Women in starvation-wracked Daraya demand the world's attention
Despite the truce in the city coming into effect more thana month ago, not even a loaf of bread has yet entered the city, according to activists. Daraya has been under siege by the Assad regime for three-and-a-half years.
On Sunday, dozens of women and children in Daraya held a silent village in a downtown square, reduced to rubble by the heavy shelling.
The protesters raised banners bearing slogans demanding an end to the siege of the city and the introduction of humanitarian aid.
"Maybe this way you'll pay more attention to our suffering - we are starving to death!" one poster read, with a design evoking the Islamic State group flag.
They also held pictures of victims of hunger in Madaya.
"Are you waiting for us to look like this to help?" read one caption.
"We can no longer afford to deprive our children of food. What can a woman like me do with her children in this besieged city? Why does the world not feel our suffering and the suffering of our children?"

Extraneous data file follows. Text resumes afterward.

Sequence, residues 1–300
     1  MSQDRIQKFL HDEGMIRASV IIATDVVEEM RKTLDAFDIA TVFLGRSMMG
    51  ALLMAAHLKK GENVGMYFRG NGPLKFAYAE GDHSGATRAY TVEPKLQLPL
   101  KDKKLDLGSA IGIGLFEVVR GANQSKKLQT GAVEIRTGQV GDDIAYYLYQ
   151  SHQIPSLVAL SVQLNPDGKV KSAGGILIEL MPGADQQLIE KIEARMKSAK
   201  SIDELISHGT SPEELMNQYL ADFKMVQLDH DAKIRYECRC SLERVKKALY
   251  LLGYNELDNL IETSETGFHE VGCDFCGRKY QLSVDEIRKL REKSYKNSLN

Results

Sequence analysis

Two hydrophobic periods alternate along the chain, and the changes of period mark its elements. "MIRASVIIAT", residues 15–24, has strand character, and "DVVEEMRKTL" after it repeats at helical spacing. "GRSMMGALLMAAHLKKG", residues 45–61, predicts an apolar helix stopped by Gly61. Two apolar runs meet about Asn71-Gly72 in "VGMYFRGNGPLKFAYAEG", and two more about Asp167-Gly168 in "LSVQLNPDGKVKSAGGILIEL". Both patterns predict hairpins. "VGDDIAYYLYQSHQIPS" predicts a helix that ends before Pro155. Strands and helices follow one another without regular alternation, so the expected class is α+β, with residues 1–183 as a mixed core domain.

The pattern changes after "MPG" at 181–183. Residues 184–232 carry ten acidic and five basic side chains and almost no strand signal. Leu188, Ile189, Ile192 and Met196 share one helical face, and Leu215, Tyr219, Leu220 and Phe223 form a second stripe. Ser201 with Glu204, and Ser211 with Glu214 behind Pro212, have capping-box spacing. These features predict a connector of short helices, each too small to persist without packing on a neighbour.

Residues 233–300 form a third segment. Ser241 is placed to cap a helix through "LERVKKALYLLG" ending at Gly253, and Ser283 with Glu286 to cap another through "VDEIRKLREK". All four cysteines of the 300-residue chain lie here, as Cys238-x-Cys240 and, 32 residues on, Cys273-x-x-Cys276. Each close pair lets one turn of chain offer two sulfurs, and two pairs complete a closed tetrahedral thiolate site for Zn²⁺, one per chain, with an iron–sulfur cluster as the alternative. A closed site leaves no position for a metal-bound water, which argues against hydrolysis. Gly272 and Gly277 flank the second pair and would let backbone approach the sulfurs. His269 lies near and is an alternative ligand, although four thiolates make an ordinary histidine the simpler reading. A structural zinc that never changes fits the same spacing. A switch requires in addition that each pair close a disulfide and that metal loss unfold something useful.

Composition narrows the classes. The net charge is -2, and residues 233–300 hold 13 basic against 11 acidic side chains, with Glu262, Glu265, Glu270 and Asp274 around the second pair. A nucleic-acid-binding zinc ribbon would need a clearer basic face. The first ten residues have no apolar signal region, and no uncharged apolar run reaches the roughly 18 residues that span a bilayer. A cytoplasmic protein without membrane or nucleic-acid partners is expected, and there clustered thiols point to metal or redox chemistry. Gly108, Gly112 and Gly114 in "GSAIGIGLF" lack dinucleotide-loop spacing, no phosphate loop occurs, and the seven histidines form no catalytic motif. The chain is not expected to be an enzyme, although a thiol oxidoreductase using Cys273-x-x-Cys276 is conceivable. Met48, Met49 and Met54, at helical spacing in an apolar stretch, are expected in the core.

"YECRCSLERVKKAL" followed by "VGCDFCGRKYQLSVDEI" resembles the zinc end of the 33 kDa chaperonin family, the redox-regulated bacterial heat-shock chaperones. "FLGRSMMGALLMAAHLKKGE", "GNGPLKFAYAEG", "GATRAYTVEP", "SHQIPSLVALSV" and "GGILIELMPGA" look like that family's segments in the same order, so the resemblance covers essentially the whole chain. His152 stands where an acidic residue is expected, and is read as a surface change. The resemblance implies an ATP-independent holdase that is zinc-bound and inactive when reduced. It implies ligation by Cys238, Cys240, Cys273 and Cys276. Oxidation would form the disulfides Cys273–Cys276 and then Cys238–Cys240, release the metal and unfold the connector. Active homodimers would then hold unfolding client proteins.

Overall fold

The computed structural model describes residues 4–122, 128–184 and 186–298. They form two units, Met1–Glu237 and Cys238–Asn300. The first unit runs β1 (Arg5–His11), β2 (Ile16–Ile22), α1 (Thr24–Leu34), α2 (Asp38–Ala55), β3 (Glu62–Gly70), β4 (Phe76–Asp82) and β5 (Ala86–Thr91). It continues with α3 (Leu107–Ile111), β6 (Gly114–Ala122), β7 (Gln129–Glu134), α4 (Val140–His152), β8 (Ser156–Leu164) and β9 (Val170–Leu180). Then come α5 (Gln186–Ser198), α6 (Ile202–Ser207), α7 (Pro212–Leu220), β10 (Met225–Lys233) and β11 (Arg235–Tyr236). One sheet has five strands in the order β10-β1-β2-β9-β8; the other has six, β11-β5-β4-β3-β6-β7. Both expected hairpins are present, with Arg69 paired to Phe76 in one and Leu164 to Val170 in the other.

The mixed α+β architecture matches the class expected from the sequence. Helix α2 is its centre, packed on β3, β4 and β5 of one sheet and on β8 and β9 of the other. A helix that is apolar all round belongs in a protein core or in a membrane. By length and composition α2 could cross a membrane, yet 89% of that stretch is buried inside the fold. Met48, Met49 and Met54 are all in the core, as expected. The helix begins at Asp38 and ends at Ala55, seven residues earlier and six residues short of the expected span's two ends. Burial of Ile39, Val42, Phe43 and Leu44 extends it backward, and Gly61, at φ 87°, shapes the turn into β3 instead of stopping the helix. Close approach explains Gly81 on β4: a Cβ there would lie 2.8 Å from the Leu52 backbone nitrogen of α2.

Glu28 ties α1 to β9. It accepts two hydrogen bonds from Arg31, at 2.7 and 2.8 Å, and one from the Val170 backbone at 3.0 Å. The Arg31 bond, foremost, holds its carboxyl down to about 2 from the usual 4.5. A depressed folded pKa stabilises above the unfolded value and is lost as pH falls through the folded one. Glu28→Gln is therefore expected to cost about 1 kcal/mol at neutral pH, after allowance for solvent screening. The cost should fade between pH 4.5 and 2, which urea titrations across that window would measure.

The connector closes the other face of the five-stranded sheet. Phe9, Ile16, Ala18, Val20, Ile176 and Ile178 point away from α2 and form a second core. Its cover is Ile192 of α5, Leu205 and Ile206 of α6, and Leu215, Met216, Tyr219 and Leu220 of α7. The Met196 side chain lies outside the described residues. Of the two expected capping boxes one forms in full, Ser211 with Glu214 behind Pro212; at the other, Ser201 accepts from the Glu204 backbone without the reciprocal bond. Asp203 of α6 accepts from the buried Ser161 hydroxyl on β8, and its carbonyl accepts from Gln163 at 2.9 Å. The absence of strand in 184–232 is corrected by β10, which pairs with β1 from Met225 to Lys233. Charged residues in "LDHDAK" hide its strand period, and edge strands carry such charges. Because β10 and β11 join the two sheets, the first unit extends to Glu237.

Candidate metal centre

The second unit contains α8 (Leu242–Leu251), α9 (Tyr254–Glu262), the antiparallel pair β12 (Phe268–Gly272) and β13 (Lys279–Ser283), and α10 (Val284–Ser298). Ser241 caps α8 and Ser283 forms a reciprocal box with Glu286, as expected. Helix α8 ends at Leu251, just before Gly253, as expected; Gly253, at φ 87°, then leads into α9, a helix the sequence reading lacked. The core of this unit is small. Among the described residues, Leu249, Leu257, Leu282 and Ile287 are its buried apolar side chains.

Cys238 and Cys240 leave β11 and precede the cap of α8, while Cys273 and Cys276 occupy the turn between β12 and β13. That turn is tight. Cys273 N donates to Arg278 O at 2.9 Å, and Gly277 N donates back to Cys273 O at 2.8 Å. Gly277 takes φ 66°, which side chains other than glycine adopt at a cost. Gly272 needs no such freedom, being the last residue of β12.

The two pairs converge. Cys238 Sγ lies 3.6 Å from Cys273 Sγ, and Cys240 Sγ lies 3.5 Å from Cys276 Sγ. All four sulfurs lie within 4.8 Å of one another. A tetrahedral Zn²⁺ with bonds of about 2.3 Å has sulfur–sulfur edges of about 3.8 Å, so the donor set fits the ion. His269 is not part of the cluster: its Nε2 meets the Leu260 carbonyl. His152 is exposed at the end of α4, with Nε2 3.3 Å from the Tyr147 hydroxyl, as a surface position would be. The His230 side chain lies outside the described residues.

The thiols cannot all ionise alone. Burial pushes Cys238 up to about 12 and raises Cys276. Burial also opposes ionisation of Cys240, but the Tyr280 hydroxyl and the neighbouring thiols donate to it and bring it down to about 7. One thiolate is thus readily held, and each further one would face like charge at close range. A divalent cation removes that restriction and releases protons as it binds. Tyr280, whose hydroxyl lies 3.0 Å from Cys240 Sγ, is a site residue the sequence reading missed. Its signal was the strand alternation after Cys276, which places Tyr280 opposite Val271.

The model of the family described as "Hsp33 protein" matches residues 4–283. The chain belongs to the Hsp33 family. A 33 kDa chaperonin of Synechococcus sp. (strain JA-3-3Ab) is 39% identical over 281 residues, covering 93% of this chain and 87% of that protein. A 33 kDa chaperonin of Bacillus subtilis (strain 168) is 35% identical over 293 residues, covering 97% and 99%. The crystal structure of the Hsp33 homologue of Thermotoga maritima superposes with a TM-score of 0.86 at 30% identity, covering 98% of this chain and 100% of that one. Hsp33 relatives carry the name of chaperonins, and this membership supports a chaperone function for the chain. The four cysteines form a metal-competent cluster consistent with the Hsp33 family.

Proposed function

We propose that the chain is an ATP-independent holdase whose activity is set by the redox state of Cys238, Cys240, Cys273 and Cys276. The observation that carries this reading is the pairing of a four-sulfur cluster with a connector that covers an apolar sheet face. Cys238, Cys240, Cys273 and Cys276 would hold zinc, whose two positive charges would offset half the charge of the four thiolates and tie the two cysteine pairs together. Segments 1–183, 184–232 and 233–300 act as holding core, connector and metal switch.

Local activist Abu Mohammed summed up residents' desperation: "The only source of food in the city is the little that people obtain through planting in available spaces. The methods are very primitive because of the lack of seeds and the wells in the city are contaminated."
— Syrian Coalition (@SyrCoalition) 11 April 2016
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"There is no food at all in Daraya. There are cases of malnutrition and we have resorted to cooking soups made purely of spices in order to stave off hunger," said women from the beseiged city in an open letter published by the Syria Campaign.
"There are signatories to this letter that have not eaten for at least two days - some longer. There is no baby milk and no breast milk due to malnutrition."
Nearly half a million Syrians are trapped in towns under regime siege as the war enters its sixth year.
The United Nations has asked Syria to grant access to 11 priority areas in April, but the government has so far approved only six.
Daraya, Duma and East Harasta have been left off the government's list.